Respecting wildlife is one of the seven fundamental Leave No Trace Principles, and for a good reason. When wildlife becomes accustomed to human interaction, it can become dangerous and turn into a dangerous situation, for both you and the animal. Bears that become accustomed to human food and get too comfortable around people often have to be euthanized. Not only should you never avoid purposely feeding animals, but you should also properly store your food so it doesn’t attract them to commonly used campsites. And while it may make an adorable selfie, you should never get between a mother and her young. Even touching a baby animal could make the mother reject it.
When camping, it’s important to store food properly to avoid foodborne illnesses and to avoid attracting wildlife. If you’re camping in bear country, take advantage of bear boxes offered by the campground—many National Park and National Forest Service campgrounds have these available at sites where bear activity is common—or get a bear-proof cooler that locks shut with padlocks through the corners.
Never leave your food outside or unattended, and don’t bring it into your tent, either—curious wildlife won’t see your tent as a formidable obstacle if they smell something tasty. If bear boxes aren’t available, you should food in a stuff sack and hang it in a tree at least 200 feet from your tent.
If you’re camping in an area without clean running water, you’ll want to bring enough to last for your whole trip. Outdoor stores sell large refillable containers that can be more economical and eco-friendly over time than buying tons of gallon jugs at the grocery store.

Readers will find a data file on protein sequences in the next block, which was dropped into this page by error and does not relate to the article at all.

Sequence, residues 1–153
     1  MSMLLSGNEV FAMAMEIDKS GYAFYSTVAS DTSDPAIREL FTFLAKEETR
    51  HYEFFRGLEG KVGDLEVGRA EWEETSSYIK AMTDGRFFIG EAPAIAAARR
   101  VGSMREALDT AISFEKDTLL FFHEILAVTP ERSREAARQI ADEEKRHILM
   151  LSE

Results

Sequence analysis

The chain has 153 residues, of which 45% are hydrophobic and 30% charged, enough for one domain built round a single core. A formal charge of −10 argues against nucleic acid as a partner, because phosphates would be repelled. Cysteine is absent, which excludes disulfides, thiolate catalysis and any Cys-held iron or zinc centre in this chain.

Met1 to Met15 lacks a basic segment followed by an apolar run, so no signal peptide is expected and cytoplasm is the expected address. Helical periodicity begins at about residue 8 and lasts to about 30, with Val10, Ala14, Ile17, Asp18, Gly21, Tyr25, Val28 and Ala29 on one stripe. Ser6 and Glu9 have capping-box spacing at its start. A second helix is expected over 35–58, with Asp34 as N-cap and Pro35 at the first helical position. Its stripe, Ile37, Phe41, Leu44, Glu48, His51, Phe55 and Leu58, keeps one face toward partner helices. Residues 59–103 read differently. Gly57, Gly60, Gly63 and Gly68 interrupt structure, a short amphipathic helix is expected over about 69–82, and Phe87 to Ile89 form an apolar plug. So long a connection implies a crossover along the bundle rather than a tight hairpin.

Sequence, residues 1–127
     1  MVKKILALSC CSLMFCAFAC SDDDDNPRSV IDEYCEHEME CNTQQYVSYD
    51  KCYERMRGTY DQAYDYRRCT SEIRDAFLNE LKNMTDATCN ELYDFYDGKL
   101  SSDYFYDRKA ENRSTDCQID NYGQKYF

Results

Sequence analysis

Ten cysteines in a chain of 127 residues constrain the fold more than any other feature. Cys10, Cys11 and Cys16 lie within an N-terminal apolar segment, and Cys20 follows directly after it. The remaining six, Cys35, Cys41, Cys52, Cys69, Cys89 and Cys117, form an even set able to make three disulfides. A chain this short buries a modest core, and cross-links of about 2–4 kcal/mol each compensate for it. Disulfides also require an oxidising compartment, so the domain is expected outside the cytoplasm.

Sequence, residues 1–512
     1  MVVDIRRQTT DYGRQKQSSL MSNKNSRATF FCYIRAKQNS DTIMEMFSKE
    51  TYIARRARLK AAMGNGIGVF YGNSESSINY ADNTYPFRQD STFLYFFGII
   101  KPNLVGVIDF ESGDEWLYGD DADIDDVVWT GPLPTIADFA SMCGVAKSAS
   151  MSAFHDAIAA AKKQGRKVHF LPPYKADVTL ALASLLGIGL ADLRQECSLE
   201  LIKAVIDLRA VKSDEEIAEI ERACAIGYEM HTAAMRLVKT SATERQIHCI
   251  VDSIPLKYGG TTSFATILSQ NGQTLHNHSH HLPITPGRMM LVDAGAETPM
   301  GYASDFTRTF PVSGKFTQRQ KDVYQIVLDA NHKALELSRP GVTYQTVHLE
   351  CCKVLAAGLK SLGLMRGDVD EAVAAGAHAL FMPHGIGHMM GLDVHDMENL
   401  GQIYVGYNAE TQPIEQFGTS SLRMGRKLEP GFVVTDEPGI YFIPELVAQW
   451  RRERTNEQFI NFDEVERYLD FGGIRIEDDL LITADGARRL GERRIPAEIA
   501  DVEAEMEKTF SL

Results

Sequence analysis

If you’re camping for an extended period of time and know you’ll have a natural water source available, you can boil water or clean it with purification tablets or a water filter. Check for any water safety warnings in the area before you depart and make sure whatever water filtration or purification method you plan to use is sufficient for any waterborne illnesses that may be known to the area. Untreated water can have parasites and bacteria that can make you sick, ruining a trip and potentially resulting in dangerous circumstances. Don’t forget to use this water for washing dishes and foods, too.
If you’re camping in a heavily forested area or a place with tall grass, particularly in the northeast and upper midwest, you’ll need to watch out for ticks. Ticks can carry Lyme Disease, which can have serious long-term side effects including partial facial paralysis. Bug spray can help, but you should also wear long pants and sleeves and tuck your pant legs into your socks when you venture into wooded areas. Bring a tick removal tool—a small metal device that fits on your keyring—and check yourself well after every venture into the woods. Ticks like to hide in warm spaces like armpits, behind the ears, in your hair, and around the groin. If you think you’ve been bitten, you should save the tick (after killing it by dropping it into rubbing alcohol) so it can be tested for Lyme if you start to develop symptoms.